Transportation Ministry Approves Use of Motorized Bicycles in Israel

Knesset Economic Affairs Committee approved rules for the use of motorized bicycles, which until now had been illegal in Israel, but not scooters.

Ofer Vaknin

After more than two years of foot-dragging by the Transportation Ministry, the Knesset Economic Affairs Committee Monday approved rules for the use of motorized bicycles. Even officials of the ministry admitted that the bicycles were illegal until now.

The rules that were approved are partial and do not include regulations for using bicycles with throttles and electric scooters — both of which are illegal.

The regulations state that electric bicycles shall be limited to an output of 250 watts (0.33 horsepower), and their speed limited to 25 kilometers per hour. At that high speed, the electric motor will be shut off, according to the European standard. The minimum age for use will be 14.

According to the regulations, the bicycles will have a horn or a bell, lights in front and in the rear, and a reflector. A throttle (a “gas” handle) is allowed, but only for use at the start of the trip, until the bicycle reaches a speed of six kilometers per hour.

The regulations state further that the bicycles will carry a sticker reading “Bicycle with supplementary motor” on the frame. The sticker will carry the name of the model, the name and address of the manufacturer, the country of manufacture and the importer’s name and address. It will also contain the motor’s output, speed and age. A bill will also be promoted that extends the requirement to wear a helmet to any trip on a bicycle at any age.

But the issue of enforcement remains unresolved. The police are in charge of enforcing bicycle regulations, and local authority inspectors will also be given the power to do so following an agreement between the Transportation Ministry, the Justice Ministry, the Public Security Ministry, the Israel Police and the Union of Local Authorities.

Enforcement regarding importing, marketing and sale of electric bicycles will be carried out by inspectors of the Transportation Ministry, the Economy Ministry and the Israel Standards Institute.

Transportation Ministry officials promise that over the next few weeks it will begin a PR campaign, together with the National Road Safety Authority, to raise awareness of the need for care on the roads, the proper way to ride electric bicycles and how to share the road with them.

Transportation Ministry Yisrael Katz said: “Like ordinary bicycles, bicycles with electric motors allow for flexibility in planning trips. They also provide an affordable and effective solution to the parking problem in the downtown areas of cities.”

The bicycle importers’ forum in Israel, which is part of the Israel Chamber of Commerce, congratulated the Knesset committee on approving the regulations, saying, “We see this as a welcome step by which Israel will join the European countries that have a well-developed, advanced and ecologically sound bicycling culture. This regulation will increase the use of ecologically sound transportation that is good for the environment, and that is a recommended solution to transportation within the city. The bicycle importers’ forum will be happy to work with any of the involved parties to promote public relations and guidance among bicycle riders and pedestrians.”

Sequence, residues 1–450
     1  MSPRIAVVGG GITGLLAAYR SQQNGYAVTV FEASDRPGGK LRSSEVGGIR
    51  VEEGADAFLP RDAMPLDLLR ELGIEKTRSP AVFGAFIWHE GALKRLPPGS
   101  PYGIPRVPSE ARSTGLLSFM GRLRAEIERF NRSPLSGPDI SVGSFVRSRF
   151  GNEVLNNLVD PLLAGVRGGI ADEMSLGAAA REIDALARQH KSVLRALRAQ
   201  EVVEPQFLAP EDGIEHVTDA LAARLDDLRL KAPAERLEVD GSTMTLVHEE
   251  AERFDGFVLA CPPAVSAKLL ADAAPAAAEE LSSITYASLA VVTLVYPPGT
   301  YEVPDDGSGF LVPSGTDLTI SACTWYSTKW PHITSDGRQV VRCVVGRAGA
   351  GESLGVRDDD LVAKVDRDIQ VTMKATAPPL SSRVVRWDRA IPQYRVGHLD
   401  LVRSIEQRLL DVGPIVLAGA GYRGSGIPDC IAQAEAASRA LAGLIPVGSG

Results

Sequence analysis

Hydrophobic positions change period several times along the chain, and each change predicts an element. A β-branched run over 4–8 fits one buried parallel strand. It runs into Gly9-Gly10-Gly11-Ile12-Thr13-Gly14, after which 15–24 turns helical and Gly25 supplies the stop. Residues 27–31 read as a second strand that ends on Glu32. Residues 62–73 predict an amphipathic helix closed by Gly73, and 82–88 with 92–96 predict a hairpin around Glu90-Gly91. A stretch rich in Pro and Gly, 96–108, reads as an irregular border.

Still, the fact that the regulations were only partially accepted has raised criticism. Shmuel Abuav, CEO of the traffic-safety organization Or Yarok, said, “Approving the regulations after a prolonged struggle that went on for three and a half years is an important step in restoring order and safety to cyclists and pedestrians. But along with that, the Transportation Ministry is missing an opportunity. The motorized scooters are no less dangerous than motorized bicycles, and the committee meeting should have been used to draft sweeping regulations for all electric two-wheeled vehicles.

“The police and the local authorities must now prepare for full enforcement of the regulations, particularly the rule regarding wearing a helmet, which has proven to be a lifesaving safety accessory,” Abuav continued.

“At the same time, rules must be made for bicycle paths, which will separate cyclists from cars and ensure the cyclists’ safety.”

Meital Lehavi, deputy mayor of Tel Aviv and holder of the municipality’s transportation portfolio, wrote on her Facebook page, “My proposal to make 16 the legal age for riding electric bicycles was turned down, and questions about licensing, insurance and enforcement remain unanswered. The decisions that were made today are an important first step, even if an imperfect one, toward the regulation of two-wheeled transportation in the streets and the cities. Further discussion will take place over the next few months to resolve the issues that remain open.”